July 31, 2019
Do Weddings Ruin Friendships?
If you read forums online or sign onto Reddit’s “How many relationships did your wedding ruin?”, you will be consumed by the thousands of ways in which weddings adversely affect friendships.
My friend didn’t invite my kids or my partner to the wedding.
My best man got drunk and gave an obnoxious speech.
My MIL stole one of our cash gifts.
My friend showed up with extra guests.
My brother got engaged on stage during his speech.
All types of relationships can be redefined at a wedding — oftentimes because tensions and expectations are simply too high. Jess joined Jeff and Carolyn on The Morning Show to discuss how you can manage sticky situations related to finances and nuptials.
Check out the summary and video below.
How does the cost of weddings negatively affect friendships?
A recent study found that the financial stress of the wedding can also take a toll on close friendships with one third of bridesmaids reporting that the money associated with a friend’s wedding strained their relationship with the bride. According to a CompareCards.com survey, a third of bridal party members incurred debt for a friend’s wedding, including 43% of maids of honour, 38% of best men, 35% of bridesmaids and 30% of groomsmen.
Other key findings include:
58% of bridesmaids and 61% of maids of honour felt pressured to spend money on bridal party-related expenses – and many say the financial pressure strained their relationship with the bride (32% of bridesmaids and 42% of maids of honour).
- Men felt the pressure too – 43% of groomsmen and 50% who were the best man said the same.
- Overall, 51% of all wedding party members felt pressured to spend.
A third of bridal party members incurred debt for their friend’s wedding, including a whopping 43% of maids of honour and 38% of best men. 35% of bridesmaids went into debt, and so did 30% of groomsmen.
Overall, a third of people who have been in a wedding in the last two years say they regret the money they spent on doing so. Maids of honours were most likely to regret bridal party-related expenses (44%).
68% used a credit card for bridal party expenses, and 37% charged more than $1,000 on their card. Just 20% limited their spending to under $500. Maids of honour (78%) and bridesmaids (73%) were most likely to pay with plastic.
Attire was the most expensive purchase for about a third (32%) of recent bridal party members, followed by the bachelor or bachelorette party (29%), which is no surprise given recent trends to turn what used to be one night on the town into a lavish weekend getaway. A quarter said traveling to and from the wedding was the biggest expense.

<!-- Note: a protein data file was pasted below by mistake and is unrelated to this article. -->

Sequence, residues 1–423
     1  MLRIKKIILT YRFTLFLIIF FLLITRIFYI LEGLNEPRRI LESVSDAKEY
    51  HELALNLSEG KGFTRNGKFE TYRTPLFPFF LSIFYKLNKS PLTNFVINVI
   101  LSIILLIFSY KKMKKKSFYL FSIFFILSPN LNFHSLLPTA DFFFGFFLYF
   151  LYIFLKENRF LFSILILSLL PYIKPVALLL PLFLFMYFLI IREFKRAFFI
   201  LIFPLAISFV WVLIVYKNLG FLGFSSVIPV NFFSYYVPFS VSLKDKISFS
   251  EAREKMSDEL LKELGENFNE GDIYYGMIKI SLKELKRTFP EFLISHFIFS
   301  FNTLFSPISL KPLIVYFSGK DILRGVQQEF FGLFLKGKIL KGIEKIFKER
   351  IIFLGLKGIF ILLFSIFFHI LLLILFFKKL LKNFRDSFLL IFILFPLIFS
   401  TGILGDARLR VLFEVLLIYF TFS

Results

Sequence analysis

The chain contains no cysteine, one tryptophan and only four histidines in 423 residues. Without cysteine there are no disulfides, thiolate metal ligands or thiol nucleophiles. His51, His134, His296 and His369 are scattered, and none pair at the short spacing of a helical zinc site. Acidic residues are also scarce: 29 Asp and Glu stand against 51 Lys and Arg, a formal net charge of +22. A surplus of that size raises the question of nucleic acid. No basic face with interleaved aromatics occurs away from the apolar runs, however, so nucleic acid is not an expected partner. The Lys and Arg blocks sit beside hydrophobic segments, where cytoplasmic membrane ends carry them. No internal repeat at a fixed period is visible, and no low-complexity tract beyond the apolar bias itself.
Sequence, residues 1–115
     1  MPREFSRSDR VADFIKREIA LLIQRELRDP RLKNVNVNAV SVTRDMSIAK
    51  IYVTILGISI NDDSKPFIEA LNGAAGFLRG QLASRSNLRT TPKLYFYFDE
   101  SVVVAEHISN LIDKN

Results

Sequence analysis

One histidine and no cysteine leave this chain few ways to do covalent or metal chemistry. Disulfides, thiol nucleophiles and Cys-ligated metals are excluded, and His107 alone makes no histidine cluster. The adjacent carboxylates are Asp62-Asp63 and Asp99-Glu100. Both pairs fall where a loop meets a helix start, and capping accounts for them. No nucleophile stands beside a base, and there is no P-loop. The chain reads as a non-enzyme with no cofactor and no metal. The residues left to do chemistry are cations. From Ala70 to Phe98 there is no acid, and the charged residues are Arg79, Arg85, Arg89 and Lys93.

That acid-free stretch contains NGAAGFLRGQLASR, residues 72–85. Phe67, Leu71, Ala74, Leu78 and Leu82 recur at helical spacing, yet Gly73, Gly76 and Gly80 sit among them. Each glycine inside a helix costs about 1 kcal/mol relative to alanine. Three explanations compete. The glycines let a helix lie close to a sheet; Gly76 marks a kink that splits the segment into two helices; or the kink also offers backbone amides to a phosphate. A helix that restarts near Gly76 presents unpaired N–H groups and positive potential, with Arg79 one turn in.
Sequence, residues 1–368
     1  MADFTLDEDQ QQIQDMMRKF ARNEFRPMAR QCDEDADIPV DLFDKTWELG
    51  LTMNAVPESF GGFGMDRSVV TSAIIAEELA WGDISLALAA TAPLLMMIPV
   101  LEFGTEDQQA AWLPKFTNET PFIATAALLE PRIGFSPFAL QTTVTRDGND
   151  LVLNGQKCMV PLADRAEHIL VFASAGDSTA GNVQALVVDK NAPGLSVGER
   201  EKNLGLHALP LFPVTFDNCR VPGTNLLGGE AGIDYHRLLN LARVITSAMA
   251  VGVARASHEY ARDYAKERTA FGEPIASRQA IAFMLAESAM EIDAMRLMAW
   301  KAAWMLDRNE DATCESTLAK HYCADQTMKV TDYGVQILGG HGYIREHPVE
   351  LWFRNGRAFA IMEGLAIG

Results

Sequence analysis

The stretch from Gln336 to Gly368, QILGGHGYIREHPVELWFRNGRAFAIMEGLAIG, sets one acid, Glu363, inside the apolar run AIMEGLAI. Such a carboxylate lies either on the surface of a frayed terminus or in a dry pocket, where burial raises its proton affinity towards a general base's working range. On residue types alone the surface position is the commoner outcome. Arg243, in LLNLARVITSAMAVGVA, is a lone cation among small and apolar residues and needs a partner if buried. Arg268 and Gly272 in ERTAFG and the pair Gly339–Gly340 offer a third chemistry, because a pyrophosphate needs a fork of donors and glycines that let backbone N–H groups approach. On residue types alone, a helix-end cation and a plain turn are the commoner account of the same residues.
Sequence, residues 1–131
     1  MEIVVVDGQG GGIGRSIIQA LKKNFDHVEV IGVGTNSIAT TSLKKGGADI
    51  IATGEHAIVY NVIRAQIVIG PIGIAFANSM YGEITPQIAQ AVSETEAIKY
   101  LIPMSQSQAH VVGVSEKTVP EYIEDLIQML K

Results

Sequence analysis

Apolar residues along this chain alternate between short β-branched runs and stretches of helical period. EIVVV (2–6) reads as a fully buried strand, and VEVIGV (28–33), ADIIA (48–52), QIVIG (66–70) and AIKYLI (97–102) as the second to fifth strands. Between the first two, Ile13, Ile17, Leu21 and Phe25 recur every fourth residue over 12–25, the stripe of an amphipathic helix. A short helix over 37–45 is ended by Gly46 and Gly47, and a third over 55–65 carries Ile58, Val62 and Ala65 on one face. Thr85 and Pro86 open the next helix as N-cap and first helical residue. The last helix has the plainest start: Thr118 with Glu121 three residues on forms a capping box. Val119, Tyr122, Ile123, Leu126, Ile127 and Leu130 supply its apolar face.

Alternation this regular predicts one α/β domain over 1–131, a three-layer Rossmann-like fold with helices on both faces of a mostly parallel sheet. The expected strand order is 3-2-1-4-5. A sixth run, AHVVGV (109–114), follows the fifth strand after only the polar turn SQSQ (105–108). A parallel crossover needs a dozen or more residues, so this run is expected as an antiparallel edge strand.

37% have declined an invitation to be in a wedding because of costs.
If you’re a bride or groom, how much can you expect from your wedding party?
You can ask for anything you’d like, but your wedding party isn’t obligated to oblige. And if you have specific expectations, don’t keep them a secret. Rather than asking them to blindly be in your wedding party, clarify the terms. I’d love for you to be in my wedding party and as part of this role, I’d like you to host the shower and attend a bachelorette party in Miami. If that sounds like an unreasonable request to make, perhaps it’s an unreasonable expectation to hold. Disagreements, disappointment and the dissolution of friendships occur because we have secret expectations that we don’t even want to admit to ourselves. If you’re afraid to say it out loud, perhaps it’s not a reasonable request.
If you’re in a wedding party and you’re not comfortable with the financial investment, how do you talk to the bride or groom?
You are not required to spend a set amount of money regardless of your financial situation. I spoke with a groom the other day who complained that his best man was being cheap. They had his bachelor party in Prague, but this groom felt that his best man should have paid for more because he is “rolling in dough”. But you are not required to spend your money on someone else’s wedding — not matter how close you are. For all you know, your friend whom you perceive as “rolling in dough” has their money tied up or is paying off medical bills. So if being a part of your wedding party comes with a financial string attached, please be clear from the onset.
If your bride or groom has not been clear, feel free to ask how much you should budget. Ask as early as possible. I know it’s uncomfortable to talk about money, but it’s not as uncomfortable as allowing the friendship to suffer to dissolve because secret expectations are not met.
If you end up arguing over expenses, how do you move forward to preserve the friendship?
Be clear that your financial constraints are not a reflection of how you feel about your friend or their upcoming wedding. Ask them to help prioritize how you can spend the money you’ve budgeted for their wedding. For example, would they rather you attend the out of town bachelor party or invest a bit more in another wedding-related event? Is there something you can do to help out that doesn’t require a financial investment? Perhaps you have a design background and can help with the invitations or perhaps you have an eye for design and can assist with the floral arrangements.
Money is not a measure of your commitment to a relationship, so you don’t need to go into debt or spend beyond your comfort zone to make a friend happy. It’s their wedding day — not yours. If they’re not being their usual rational self, afford them a bit of leeway, as wedding planning can be stressful and they may act out of character.